While preparing Office Space, Mike Judge realised the time seemed ripe for an office
comedy. "There hasn't been one in quite a while," he points out. "And I
can't remember any taking place in a hi tech, computer company environment. With Office
Space, I wanted to offer my take on the hundreds of Silicon Valley office parks and white
collar environments springing up around the country."
"Mike writes about his own experiences, which are
universal" producer Daniel Rappaport
Judge set his screenplay in familiar territory. "My first job out of college was
in engineering – in an office," he explains. "When I got the job, I felt
really good about it. But after about a week and a half, I walked into the office, looked
around and thought, 'Is this it?' I lasted a little over a year and held my next position
for about two months. As I moved from job to job, my employment periods become briefer and
Judge used his workplace experiences as a model for Office Space. He did not want to
make an outright lampoon of corporate America, but have his story and characters based
firmly in what Judge calls 'just left of reality.'
"What makes Mike's humour so popular," says producer Daniel Rappaport,
"is that it's identifiable. Mike writes about his own experiences, which are
universal. He knows how to take those situations, bring them to life, and find the humour
The humour in these situations revolves around the film's central character, pent-up
computer programmer Peter Gibbons. "Peter is frustrated at work and realises things
are worsening each day," comments Judge. "He also is troubled by corporate
downsizing and how his company is mistreating loyal, longtime employees. So, Peter decides
to find what he thinks will be a better life."
"Sometimes you have to slow down and let it (happiness)
catch you." Ron Livingston
Judge found his 'Peter Gibbons' in actor Ron Livingston. Best known for his co-starring
role in the sleeper hit Swingers, Livingston, according to the director, "looked like
a guy you believe could have ended up in a programming job. I easily envisioned him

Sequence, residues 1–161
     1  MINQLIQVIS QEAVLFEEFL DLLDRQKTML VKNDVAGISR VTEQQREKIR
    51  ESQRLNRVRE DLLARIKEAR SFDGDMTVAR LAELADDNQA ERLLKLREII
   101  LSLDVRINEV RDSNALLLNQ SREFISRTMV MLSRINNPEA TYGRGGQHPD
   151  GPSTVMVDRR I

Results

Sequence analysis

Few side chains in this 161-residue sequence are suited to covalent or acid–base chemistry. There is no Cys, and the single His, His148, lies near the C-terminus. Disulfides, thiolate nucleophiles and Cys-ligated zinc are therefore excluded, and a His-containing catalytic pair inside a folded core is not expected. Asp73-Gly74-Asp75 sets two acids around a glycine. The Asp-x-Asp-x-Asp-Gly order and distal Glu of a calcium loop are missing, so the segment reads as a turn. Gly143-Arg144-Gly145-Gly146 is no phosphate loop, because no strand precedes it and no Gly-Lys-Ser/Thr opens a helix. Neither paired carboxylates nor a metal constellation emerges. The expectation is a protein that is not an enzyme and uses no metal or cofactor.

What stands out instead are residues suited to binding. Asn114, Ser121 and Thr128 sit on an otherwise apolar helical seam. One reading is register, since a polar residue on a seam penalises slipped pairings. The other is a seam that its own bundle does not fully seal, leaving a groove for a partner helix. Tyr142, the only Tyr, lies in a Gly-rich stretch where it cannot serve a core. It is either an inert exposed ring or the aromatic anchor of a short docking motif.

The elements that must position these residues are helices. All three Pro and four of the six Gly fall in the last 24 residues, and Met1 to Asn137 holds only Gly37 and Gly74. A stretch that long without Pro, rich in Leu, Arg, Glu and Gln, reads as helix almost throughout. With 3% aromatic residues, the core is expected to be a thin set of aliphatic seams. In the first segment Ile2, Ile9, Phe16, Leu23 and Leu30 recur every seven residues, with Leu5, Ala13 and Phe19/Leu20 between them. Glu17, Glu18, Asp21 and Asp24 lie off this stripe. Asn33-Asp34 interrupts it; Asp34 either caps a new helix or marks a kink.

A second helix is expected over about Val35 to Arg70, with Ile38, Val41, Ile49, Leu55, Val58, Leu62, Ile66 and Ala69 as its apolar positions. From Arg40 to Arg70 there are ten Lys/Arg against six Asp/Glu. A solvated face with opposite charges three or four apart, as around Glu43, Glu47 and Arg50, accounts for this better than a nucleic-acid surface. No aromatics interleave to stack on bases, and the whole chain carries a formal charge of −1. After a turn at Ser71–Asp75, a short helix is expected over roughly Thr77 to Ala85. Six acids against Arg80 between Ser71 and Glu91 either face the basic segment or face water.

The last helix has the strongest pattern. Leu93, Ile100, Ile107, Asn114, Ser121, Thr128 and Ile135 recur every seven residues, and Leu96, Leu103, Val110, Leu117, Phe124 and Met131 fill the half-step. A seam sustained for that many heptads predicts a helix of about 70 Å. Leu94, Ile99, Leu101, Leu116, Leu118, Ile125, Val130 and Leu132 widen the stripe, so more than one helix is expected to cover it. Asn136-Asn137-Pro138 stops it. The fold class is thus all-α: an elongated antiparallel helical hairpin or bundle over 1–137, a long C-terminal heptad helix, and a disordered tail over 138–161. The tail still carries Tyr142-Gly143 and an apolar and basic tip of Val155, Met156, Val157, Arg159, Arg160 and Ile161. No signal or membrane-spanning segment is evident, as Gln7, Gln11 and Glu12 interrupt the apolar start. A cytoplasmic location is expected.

sitting in a cubicle, thinking he ought to be doing something better."
"Peter is an average guy who is just in the wrong place," says Livingston.
"It's not so much that his job is terrible; he realises that he doesn’t belong
at INITECH, and that he has spent far too much time there."
Livingston's philosophy about life and work isn't far from his cinematic alter ego's
"Office Space," he says, "is a comedy about the pursuit of happiness, and
how it isn't necessary to always frantically chase it. Sometimes you have to slow down and
let it catch you."
While Peter plans to conquer the corporate grind, he hooks up with an attractive
waitress named Joanna. Judge made an exception to his "No TV/movie star rule" by
casting Jennifer Aniston. "What I like about Jennifer being so recognisable,"
Judge offers, "is that putting her in a ridiculous chain-restaurant uniform makes the
outfit stand out even more. On the other hand, even with her recognisability, Jennifer
looks like someone you could have gone to high school with."
"I had never really thought about the man behind Beavis
and Butt-head" Jennifer Aniston
No stranger to ensembles as one of the stars of the hit series Friends, Aniston
relished the idea of being included in Judge's world of disillusioned employees. "His
characters are bizarre and distinct, which makes them fun to play," says the actress.
Being a fan of Judge's work was another attraction. "Beavis and Butt-head are rude
and crude, but they make me laugh," she admits. When first introduced to Judge, the
creator and voice of the duo, the actress was somewhat taken aback. "I had never
really thought about the man behind Beavis and Butt-head; then I met Mike and he was this
nice, clean-cut guy. I was thrown."
Office Space – Australian release; April 15,